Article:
That’s when I realized that we can’t leave this outcome to something as easily manipulated as a democratic election. An election is worse than a game of chance.
That the presidents of so many federations have remained completely silent on McQuaid mystified me for some months. Then I realized they knew something I didn’t. You have to figure that in the awful event that McQuaid should be re-elected to the presidency, anyone who has taken a public stand against him will feel painful retribution and it’s safe to assume that retribution will extend to the whole of the federation and its licensed riders.
Is it too much to think that there would suddenly be a rash of positive tests from riders of that country? No, I don’t think so.
For that reason, I’m enormously heartened by the emergence of the Gang of Five (as they are being called). The federation presidents for the U.S., Russia, Canada, Finland and Algeria have collectively signed a letter sent to the Court of Arbitration for Sport (CAS) asking them to rule on the validity of McQuaid’s rule changes. Before we get to the meat of their request, let’s consider this collection of nations: the U.S., Russia, Canada, Finland and Algeria. Not France, not Germany, not the Netherlands, not Belgium, not Spain, not Italy—hell, not even Ireland. I take this collection as a corollary to my previous point.
In their letter, the signatories described their reaction to the rule changes as, “amusement to outrage, from bewilderment to astonishment.” They are asking CAS to rule on the validity of these rule changes because they fear a protracted legal battle over the presidency should McQuaid win the election. Yet another corollary to my previous point. The UCI is in enough of a mess that a legal battle over who is the rightful president would only further damage cycling, but because we understand that what drives McQuaid isn’t the good of the sport, he’d be willing to fight by any means at his disposal in order to keep power. I have to imagine that he’d spend the UCI into bankruptcy because I simply can’t foresee a circumstance in which he’d relinquish power for the good of the sport.
It seems likely that CAS will rule against the rule change, but this will only come swiftly if the UCI voluntarily agrees to the hearing. Can someone find me a Vegas bookie to take that bet?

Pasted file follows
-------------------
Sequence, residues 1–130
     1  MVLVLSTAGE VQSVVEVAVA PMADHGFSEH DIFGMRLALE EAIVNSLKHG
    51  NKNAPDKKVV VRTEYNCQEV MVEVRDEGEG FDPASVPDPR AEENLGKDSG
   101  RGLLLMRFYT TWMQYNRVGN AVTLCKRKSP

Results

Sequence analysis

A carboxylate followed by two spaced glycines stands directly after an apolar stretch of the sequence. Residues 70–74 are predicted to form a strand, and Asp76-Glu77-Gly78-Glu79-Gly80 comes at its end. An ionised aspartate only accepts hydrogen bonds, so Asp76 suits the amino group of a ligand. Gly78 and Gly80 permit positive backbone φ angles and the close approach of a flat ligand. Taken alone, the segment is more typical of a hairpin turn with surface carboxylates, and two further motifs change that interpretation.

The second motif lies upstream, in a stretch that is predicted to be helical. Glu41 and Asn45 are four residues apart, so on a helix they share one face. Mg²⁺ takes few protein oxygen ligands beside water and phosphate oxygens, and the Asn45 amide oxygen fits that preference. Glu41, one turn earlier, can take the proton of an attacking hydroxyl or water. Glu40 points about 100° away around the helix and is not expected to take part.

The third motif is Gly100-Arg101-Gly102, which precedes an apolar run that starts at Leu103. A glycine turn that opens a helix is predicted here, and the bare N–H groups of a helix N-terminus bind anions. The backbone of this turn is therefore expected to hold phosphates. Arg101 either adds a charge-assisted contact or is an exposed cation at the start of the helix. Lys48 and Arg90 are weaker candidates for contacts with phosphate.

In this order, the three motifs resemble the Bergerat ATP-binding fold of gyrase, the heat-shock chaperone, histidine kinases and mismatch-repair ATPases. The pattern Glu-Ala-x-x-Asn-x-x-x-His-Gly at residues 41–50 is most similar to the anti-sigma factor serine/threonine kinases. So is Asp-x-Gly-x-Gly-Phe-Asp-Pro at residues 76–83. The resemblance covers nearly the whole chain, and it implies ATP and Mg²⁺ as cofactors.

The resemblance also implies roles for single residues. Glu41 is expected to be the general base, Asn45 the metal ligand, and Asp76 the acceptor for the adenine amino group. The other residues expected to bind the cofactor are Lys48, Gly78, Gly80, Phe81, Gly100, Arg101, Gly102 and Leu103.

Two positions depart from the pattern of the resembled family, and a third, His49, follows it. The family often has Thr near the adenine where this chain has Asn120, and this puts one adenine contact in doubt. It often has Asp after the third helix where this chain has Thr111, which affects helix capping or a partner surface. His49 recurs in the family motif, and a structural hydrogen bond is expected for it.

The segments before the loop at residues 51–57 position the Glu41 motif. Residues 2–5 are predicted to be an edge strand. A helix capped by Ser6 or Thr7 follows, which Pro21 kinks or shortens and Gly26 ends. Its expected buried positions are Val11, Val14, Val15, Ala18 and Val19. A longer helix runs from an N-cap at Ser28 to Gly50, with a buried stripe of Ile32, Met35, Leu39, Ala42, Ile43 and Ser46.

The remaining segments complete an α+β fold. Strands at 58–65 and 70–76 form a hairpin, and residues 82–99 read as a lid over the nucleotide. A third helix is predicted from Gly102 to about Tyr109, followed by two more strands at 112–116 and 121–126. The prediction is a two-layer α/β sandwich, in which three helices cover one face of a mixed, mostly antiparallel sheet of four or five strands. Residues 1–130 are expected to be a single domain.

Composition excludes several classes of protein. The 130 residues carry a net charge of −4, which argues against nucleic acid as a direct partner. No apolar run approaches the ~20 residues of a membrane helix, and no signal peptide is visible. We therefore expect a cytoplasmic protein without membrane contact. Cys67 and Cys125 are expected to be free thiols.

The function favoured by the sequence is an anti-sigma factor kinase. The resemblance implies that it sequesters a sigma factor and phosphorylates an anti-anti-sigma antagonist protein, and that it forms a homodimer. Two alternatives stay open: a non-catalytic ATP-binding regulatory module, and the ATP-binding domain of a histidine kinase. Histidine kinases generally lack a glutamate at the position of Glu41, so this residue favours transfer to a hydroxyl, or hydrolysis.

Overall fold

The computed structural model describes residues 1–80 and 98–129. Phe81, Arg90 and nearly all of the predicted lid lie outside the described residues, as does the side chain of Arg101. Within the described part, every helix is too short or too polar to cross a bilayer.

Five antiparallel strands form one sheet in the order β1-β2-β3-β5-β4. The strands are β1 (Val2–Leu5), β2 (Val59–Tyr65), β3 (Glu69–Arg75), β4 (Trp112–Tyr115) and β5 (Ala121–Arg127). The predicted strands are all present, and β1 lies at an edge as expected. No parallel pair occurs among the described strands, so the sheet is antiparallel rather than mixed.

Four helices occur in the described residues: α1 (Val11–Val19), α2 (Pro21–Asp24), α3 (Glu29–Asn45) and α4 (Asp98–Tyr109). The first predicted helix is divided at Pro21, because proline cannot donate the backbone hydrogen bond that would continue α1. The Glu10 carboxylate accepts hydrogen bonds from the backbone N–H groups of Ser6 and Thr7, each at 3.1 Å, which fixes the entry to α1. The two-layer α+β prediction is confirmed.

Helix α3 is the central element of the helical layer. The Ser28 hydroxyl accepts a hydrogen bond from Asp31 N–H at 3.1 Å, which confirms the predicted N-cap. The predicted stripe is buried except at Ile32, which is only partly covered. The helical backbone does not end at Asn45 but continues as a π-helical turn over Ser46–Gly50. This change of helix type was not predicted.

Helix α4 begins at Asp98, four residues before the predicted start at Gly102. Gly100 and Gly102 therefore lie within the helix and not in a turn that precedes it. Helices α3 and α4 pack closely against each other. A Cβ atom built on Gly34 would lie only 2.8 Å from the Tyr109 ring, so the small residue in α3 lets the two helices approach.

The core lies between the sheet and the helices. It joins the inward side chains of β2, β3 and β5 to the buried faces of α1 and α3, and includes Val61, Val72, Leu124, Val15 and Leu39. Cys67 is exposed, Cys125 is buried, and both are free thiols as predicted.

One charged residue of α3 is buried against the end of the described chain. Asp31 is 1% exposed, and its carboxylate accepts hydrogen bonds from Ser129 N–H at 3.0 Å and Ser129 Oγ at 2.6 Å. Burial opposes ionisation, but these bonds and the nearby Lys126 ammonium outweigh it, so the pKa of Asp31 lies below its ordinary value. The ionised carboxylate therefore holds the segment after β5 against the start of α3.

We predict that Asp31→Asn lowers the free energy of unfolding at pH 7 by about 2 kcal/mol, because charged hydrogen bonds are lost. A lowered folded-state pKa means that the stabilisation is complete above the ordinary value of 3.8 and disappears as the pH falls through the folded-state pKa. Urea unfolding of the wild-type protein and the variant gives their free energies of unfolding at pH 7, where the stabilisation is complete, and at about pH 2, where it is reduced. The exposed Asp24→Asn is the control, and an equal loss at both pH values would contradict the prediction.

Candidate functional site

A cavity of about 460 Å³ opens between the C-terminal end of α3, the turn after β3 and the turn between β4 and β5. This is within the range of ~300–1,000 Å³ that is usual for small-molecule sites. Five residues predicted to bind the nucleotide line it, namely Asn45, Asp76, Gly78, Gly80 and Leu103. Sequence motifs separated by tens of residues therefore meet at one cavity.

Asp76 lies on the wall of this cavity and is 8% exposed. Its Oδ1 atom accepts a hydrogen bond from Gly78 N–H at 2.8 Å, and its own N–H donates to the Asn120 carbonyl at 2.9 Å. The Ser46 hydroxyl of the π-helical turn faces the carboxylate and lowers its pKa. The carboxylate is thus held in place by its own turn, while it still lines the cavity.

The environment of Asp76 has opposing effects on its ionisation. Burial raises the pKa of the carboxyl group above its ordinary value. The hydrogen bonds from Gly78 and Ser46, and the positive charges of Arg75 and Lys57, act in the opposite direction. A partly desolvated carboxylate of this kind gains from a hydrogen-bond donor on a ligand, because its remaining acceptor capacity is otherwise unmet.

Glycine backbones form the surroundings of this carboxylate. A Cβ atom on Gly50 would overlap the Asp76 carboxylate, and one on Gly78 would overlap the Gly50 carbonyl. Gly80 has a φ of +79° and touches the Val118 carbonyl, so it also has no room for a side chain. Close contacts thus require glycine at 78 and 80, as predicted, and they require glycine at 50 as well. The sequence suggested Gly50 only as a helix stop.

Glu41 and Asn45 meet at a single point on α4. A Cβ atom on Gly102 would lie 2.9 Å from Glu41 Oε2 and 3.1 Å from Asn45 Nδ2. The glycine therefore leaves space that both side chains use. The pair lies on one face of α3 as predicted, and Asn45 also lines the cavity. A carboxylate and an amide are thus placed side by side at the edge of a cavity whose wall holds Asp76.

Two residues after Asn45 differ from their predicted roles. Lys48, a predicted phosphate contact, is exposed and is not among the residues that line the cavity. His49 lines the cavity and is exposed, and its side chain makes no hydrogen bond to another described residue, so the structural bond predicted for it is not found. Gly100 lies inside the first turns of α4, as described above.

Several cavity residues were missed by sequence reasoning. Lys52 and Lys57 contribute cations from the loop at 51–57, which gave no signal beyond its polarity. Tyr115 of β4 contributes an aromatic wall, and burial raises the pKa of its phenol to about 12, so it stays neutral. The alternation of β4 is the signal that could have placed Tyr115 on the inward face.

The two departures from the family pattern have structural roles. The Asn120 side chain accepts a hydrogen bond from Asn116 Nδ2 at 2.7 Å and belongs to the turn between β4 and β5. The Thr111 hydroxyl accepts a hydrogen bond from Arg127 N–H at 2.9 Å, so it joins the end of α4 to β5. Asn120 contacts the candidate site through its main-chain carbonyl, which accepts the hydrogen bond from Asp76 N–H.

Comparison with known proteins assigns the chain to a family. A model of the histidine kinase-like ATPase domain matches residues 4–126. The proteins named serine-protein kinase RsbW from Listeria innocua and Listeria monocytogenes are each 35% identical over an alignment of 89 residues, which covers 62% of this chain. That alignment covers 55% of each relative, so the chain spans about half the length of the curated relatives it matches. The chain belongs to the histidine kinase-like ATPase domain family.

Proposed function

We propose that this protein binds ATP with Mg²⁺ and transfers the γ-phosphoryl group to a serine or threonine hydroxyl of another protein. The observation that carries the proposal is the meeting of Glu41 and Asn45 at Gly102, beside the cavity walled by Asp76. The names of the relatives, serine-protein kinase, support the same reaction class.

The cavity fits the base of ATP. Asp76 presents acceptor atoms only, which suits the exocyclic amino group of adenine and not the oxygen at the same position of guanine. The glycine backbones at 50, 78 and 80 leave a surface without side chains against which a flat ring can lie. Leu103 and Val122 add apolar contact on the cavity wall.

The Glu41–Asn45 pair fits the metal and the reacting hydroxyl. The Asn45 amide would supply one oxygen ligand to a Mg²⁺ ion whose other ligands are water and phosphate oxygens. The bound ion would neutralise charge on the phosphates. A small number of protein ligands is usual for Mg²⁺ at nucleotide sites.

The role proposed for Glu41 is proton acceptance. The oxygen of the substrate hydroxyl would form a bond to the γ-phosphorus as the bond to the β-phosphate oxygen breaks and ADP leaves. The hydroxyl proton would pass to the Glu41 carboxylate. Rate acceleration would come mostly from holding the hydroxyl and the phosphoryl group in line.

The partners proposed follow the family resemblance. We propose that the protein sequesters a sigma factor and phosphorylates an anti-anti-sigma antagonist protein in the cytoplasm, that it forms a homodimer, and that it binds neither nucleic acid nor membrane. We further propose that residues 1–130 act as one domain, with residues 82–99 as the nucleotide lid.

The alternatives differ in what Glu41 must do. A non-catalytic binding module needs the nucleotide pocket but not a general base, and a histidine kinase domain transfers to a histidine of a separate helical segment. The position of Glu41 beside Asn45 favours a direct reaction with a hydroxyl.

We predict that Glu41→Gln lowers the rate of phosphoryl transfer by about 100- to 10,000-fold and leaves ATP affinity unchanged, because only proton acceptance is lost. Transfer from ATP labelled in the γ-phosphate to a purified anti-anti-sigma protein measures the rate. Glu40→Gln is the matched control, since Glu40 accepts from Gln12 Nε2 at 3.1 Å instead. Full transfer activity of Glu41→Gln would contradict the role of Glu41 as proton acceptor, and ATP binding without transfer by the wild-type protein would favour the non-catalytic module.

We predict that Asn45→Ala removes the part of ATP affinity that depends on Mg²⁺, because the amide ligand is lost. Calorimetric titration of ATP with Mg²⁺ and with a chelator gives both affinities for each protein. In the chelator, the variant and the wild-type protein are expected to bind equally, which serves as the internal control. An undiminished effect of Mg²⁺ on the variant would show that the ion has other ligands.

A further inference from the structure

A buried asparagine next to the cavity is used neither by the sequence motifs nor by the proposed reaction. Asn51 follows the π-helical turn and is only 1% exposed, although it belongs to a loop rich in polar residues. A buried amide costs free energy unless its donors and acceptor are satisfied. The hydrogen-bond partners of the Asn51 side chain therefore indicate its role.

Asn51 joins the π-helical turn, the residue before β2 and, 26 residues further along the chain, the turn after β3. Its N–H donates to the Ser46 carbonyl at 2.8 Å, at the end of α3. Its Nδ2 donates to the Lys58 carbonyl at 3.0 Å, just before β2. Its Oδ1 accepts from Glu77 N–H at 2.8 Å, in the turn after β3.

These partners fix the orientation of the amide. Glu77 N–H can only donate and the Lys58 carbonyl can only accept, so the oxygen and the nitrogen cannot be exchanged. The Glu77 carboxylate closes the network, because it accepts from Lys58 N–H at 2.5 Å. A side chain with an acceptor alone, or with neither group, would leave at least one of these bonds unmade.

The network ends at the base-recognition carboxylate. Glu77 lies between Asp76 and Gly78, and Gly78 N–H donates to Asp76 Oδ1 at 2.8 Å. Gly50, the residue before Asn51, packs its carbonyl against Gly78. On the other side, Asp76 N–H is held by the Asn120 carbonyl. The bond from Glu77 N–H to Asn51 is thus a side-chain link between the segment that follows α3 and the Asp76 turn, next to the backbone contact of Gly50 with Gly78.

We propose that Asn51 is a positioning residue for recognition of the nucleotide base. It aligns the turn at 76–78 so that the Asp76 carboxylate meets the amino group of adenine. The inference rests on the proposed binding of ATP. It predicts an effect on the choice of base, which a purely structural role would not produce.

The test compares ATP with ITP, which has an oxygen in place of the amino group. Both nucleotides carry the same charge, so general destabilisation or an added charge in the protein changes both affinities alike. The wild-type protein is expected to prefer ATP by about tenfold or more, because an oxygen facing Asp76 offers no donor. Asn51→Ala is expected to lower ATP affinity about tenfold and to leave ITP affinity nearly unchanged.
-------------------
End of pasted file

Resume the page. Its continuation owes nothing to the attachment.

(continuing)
It also seems likely that the UCI, as an instrument of McQuaid’s arrogance and desperation, will fight this hearing from happening. If they do, the election will be delayed, probably for months. Of course, that will keep McQuaid in power just that much longer. But that’s his endgame; every additional day of power is a day of survival.
Given the way the whole of cycling has suffered here in the U.S. in the wake of the Armstrong scandal, I’m heartened that Steve Johnson has taken this step as the president of USA Cycling. Johnson, it’s worth noting, he was installed as president in the wake of the near-bankruptcy of USA Cycling, which was rescued by none other than Tom Weisel. Johnson’s ties and relationship to Weisel (which could merit a post of its own) has made him one of the targets of criticism that doping is endemic less to the riders than it is to the leadership of cycling itself. No other federation has suffered as great a loss in reputation thanks to the USADA Reasoned Decision as the U.S. has. Johnson and the the other signatories to the request for the CAS hearing isn’t exactly a rebuke of McQuaid, but it could be construed as a shot across his bow. Asking for a speedy resolution to a thorny question suggests you don’t have a dog in the fight, and that ought to give McQuaid pause, but it doesn’t seem like anything penetrates that thick exterior.
McQuaid aside, that Johnson and USA Cycling would finally take a public stand in support of good governance is the first indication I’ve seen that things might change at USA Cycling, that there could be a way out of this morass.
What now passes for the “they” and “them” that comprises the broad opinion of the world—that indeterminate body of the Interwebs and blogosphere—has belched up a new opinion about pro cycling: A Truth and Reconciliation Commission will never happen, that it’s not possible.